POLITICS

Airline Union Leader To Push For New Climate Rules Amid Fight Over Bailout

As airline layoffs mount due to the coronavirus' unprecedented economic shock, the influential Association of Flight Attendants plans to push for emissions cuts.

The union leader representing the nation’s flight attendants is calling for federal aid to the aviation industry to require airlines to cut climate-changing pollution, she told HuffPost Friday. 

The Association of Flight Attendants (AFA-CWA) already listed “green infrastructure investments” in a two-page memo the union drafted. The memo includes the union’s priorities for any relief money Congress provides the air travel industry as it grapples with the historic economic shock from the new coronavirus pandemic. 

Sara Nelson, the union’s chief who is widely considered a front-runner to be the next leader of the AFL-CIO, said she would recommend new rules to require the airlines ― a fast-growing source of planet-heating emissions ― to adopt additional measures aimed at reducing fossil fuel use.

The proposals, which have not yet been unveiled, would likely include requiring airlines to ramp up use of “sustainable fuels,” which are typically made from plants or algae; improve fuel efficiency; and increase transparency on the amount of carbon dioxide emissions associated with each flight. 

Nelson said she was working directly with Democratic leaders in the House of Representatives on a legislative proposal that would include at least some of those provisions. 

“There will be standards that are included in the airline relief package,” she said in a phone interview. “There’s just not really disagreement around the fact that there needs to be.”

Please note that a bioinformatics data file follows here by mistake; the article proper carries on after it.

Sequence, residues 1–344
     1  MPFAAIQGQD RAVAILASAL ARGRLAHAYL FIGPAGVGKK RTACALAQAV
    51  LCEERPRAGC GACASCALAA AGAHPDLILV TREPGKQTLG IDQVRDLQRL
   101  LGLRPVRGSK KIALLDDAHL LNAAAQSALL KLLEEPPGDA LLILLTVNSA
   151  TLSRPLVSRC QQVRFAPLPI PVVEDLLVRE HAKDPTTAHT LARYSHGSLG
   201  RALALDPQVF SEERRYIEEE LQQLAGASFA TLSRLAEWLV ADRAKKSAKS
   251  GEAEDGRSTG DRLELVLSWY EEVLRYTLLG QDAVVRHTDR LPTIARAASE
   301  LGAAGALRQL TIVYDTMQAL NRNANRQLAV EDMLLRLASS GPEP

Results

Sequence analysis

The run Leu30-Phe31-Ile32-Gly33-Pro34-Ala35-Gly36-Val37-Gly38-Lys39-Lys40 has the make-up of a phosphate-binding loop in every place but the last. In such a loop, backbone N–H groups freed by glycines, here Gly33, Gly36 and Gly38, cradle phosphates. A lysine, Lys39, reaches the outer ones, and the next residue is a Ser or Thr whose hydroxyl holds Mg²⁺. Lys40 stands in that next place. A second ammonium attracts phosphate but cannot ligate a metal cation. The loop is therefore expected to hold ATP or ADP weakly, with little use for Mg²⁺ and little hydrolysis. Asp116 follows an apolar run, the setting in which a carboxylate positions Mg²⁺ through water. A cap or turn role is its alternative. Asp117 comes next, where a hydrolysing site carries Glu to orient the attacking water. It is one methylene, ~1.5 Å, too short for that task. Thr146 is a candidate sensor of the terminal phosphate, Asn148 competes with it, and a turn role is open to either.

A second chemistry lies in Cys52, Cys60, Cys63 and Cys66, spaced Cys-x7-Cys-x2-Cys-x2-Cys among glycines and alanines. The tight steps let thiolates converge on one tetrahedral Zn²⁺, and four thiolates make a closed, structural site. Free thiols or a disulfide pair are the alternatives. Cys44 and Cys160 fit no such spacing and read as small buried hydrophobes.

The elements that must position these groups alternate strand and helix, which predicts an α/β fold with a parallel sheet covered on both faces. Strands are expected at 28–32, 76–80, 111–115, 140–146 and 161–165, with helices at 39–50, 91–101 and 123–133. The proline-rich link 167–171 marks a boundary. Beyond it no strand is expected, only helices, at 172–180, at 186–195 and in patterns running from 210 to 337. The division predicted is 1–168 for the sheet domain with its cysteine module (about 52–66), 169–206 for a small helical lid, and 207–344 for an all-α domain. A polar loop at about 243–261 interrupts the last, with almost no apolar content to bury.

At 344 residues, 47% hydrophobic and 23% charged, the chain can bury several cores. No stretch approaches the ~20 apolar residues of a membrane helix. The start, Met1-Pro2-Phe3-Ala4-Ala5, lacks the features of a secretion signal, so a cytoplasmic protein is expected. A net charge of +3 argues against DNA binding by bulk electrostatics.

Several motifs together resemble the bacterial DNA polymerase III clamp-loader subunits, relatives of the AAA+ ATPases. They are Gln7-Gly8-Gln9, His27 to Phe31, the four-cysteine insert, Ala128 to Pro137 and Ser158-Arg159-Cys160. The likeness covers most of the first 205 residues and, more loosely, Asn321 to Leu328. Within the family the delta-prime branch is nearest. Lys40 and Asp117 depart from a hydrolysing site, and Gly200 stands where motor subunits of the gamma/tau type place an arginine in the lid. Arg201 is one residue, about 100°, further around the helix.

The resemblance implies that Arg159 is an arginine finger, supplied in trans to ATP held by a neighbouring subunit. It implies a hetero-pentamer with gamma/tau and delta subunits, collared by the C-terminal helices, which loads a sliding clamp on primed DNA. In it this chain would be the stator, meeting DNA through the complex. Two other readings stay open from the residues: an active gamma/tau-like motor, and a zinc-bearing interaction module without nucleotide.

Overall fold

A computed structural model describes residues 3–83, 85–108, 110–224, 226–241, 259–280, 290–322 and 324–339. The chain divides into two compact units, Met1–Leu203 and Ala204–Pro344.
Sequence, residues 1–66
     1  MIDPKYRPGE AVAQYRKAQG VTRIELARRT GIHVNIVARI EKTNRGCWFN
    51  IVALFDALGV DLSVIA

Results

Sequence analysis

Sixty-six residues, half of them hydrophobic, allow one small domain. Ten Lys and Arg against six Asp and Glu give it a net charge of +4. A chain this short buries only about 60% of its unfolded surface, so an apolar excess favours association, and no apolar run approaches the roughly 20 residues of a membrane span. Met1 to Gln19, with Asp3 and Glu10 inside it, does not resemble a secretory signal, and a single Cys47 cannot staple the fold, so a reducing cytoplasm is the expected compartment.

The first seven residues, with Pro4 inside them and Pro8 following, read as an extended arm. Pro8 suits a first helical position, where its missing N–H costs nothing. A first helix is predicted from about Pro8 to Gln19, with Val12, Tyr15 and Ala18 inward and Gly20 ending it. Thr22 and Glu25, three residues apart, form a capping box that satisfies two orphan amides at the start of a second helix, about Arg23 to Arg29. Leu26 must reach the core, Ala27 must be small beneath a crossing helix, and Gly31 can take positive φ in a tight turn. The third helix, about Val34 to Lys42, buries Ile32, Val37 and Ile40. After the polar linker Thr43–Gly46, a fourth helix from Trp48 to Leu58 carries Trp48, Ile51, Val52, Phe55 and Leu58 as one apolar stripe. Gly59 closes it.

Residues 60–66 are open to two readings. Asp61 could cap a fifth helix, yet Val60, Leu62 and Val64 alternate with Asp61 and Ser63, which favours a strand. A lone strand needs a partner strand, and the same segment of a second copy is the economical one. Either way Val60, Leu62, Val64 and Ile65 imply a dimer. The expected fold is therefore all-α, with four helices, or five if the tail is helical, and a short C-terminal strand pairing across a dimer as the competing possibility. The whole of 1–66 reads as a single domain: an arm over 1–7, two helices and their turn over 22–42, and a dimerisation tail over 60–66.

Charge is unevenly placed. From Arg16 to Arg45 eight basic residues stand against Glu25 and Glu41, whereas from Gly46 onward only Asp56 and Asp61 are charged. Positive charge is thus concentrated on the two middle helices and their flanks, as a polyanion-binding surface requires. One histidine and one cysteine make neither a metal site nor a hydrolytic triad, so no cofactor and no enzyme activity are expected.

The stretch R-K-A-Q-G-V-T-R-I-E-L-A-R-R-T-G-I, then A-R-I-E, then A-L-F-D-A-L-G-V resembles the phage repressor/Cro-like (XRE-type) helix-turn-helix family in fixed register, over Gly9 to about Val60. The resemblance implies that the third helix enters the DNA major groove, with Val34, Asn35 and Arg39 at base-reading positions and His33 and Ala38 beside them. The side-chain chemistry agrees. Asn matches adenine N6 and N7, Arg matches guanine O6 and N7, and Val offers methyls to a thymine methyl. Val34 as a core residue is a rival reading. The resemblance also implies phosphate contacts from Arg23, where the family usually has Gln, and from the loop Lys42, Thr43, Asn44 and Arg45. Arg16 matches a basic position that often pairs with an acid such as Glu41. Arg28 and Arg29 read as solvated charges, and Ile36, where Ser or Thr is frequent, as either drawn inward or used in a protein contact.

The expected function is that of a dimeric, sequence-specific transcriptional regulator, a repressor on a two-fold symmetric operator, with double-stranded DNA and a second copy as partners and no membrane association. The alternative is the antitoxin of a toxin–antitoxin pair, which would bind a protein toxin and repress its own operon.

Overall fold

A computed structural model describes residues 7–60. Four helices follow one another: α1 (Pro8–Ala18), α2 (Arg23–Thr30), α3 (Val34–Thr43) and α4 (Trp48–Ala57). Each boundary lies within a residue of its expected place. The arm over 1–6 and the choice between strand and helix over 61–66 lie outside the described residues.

That this is a priority at all for a union leader highlights the extent to which labor and environmental activists, once considered to be at odds with each other, are finding common ground as climate change rapidly worsens and proposals to cut emissions emphasize green jobs. Extreme heat is already preventing planes from taking off, and warming-fueled changes in the jet stream cause dangerous turbulence in the air. Last summer, the AFA-CWA became one of the first national unions to endorse the Green New Deal, a framework for rapidly reducing fossil fuel use and transitioning workers to good-paying new jobs. 

For now, triaging the present crisis for workers remains the urgent priority in the fast-moving congressional process, Nelson said, cautioning that the strictness of pollution standards “might change a little bit.” 

Senate Republicans on Thursday night released a draft of a bailout bill that would give passenger airlines the $50 billion in loans and loan guarantees the industry requested earlier this week. The AFA-CWA demanded that federal aid strictly limit benefits to executives and shareholders, and require companies to keep workers employed amid the economic turmoil unfolding as public officials scramble to contain the new virus. 

Nelson staked out the union’s priorities in a five-minute video posted to Twitter on Tuesday. By Friday afternoon, the video had more than 175,000 views. 

Any focus on cutting airline emissions is sure to gain support from environmentalists. Airlines make up less than 3% of global emissions, but United Nations forecasts show that percentage going up dramatically in the coming years. Recent research suggests that the U.N. estimates may be conservative, and that emissions are likely to surge 1.5% faster than previously expected. 

Yet even amid a movement aiming to “flight shame” travelers into choosing lower-emissions forms of transportation, such as trains, airlines have slashed the amount of money spent on research and development and failed to keep fuel efficiency abreast of increased air travel. The Trump administration, meanwhile, has focused federal efforts on reviving the defunct super-polluting turbojet industry, even as Canada and European countries invested in hybrid and electric planes. 

“Everyone agrees this industry has to reboot toward sustainability,” said Dan Rutherford, the aviation director at the nonprofit International Council on Clean Transportation. “Whatever government support does come down the pike, we hope it can take these environmental considerations into effect and not just reboot the status quo.”

 
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